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IN TORONTO, A FESTIVAL OF CHILDREN'S FILMS THAT TAKE THEIR CUES FROM LIFE

Though the Sprockets Toronto International Film Festival for Children is still a month away, it's time to buy tickets.

In fact, the sooner the better for this premiere event, which will be held April 24 to 26 at two locations. You know how popular children's events are in Toronto and how well-done they are, so this is sure to be well-attended.

Take note: These aren't films that rely on gimmicks. Or goofiness. Or Hollywood overkill.

They take their cues from life, and treat their subjects with intelligence, insight and imagination.

The 14 films that form the collection for this younger version of the annual 10-day Toronto Film Festival explore how youngsters deal with bullies, learn about romance, experience the trauma of being uprooted, and the adventure of the Middle Ages.

"These are absolutely the best family films outside North America," said Jane Schoettle, festival director, who previewed 400 films to choose those that will be shown. "They are meant for the whole family to enjoy. For adults to have something to talk about with their children."

Many of these films have received awards at previous festivals. All will be screened in their original language, with subtitles.

Besides that, a narrator, who stands at the back of the theater, will read the subtitles so that children can keep up with the story.

"It works like gangbusters," said Ms. Schoettle. "After a short period of adjustment, the dialogue just floats past the children's ears."

Some of the films that will be shown include:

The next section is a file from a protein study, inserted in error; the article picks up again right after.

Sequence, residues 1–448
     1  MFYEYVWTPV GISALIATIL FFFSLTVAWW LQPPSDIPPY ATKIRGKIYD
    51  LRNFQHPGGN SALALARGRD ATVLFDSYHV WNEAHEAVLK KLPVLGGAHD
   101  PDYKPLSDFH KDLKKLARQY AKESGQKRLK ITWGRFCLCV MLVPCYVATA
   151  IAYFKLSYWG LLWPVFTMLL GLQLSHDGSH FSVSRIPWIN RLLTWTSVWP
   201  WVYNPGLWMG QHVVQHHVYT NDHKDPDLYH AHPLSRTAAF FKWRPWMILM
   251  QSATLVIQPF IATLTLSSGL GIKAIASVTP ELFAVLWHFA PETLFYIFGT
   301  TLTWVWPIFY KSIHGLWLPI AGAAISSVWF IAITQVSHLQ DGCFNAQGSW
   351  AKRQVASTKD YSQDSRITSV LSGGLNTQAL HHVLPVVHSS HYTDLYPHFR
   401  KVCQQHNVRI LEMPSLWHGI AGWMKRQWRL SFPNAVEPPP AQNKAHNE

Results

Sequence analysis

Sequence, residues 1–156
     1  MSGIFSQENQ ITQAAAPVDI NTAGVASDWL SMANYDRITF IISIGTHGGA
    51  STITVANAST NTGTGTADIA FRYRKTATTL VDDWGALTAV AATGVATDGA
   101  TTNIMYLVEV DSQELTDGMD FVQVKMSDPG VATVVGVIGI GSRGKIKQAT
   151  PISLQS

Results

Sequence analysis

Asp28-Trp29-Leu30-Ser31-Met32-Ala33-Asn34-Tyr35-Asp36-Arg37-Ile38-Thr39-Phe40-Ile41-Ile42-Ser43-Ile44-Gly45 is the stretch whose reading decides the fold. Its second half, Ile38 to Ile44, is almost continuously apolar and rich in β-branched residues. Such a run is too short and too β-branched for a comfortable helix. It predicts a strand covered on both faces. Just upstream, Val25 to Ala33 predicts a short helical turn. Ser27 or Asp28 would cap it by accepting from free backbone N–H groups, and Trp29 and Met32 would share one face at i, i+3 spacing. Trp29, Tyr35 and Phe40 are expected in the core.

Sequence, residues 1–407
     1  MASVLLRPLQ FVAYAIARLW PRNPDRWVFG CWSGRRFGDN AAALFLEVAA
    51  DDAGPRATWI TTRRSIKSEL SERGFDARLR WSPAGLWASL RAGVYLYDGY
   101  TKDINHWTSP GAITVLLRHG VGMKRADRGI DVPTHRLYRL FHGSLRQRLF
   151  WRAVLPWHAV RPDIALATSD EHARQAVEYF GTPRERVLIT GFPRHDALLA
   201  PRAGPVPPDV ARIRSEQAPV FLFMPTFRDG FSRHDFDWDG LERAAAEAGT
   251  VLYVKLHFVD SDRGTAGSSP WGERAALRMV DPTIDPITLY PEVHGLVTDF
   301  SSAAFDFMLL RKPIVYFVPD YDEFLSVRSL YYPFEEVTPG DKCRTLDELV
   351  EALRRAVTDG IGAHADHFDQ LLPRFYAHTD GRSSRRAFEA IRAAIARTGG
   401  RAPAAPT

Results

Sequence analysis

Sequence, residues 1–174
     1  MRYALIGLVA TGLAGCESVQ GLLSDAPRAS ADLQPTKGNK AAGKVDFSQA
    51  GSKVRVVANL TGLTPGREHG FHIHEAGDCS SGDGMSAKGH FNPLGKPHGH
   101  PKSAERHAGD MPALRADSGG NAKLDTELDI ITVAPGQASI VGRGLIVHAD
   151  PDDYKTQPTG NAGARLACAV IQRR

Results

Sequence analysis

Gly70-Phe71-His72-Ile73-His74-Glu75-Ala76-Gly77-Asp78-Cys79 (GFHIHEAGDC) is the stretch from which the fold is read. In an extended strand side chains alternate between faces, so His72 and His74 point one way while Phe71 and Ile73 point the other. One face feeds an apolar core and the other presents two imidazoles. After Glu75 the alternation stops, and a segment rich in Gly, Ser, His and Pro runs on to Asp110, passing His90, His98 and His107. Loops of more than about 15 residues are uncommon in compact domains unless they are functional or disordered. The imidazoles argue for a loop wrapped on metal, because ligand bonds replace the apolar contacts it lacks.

"Naran" (Japan), the story of a 7-year-old boy who is in a boarding school, but returns each summer to the Mongolian steppes with his nomadic family. It is described as lyrical and visually stunning. (Shown at 10 a.m. April 26.)

"Eye of the Eagle" (Denmark) is set during the Middle Ages and tells of a young prince, who is studying Latin under an evil bishop and who is forced to escape the castle and stop a plot to overthrow his father. (10:30 a.m. April 26.)

"The Purse Snatcher" (The Netherlands). Alex's happiest hours are spent with his grandmother at a museum of natural history. After two young thieves steal her savings and Alex's clarinet, he also is bullied into stealing. Eventually he and his grandmother find a way out of their dilemma. (10 a.m. April 25 ).

"Benjamin Dove" (Iceland). Four boys form an Order of Knights to fight injustice, but when one of them forms a rival group, petty squabbles turn into war. (7 p.m. April 25 ).

"Imuhar: A Legend" (France/Niger). An 11-year-old boy who lives in Paris is taken to live with his father in Africa after his mother's death. Beautifully photographed, the story explores intergenerational relationships and nomadic culture. (1 p.m. April 26.)

"Kayla" (Canada). Set in Quebec in the 1920s, it's the story of a crucial winter in the life of a fatherless boy and the dog he befriends. (12:30 p.m. April 26.)

"Long Live the Queen" (Netherlands). Sara is not doing well in school until she finds a book in which a fairy tale queen invents the game of chess for her bored king. Sara's imagination transports her into the palace, where she learns the strategies of chess. (3 p.m. April 25.)

"Kalle Blomkvist -- The Master Detective Lives Dangerously" (Swedish). It tells the story of how a small town's rival gangs go into battle over the possession of a mysterious stone. While hiding the precious stone, someone stumbles over a corpse in an abandoned barn. The mystery baffles everyone, except Master Detective Kalle Blomkvist. (6:30 p.m. April 25.)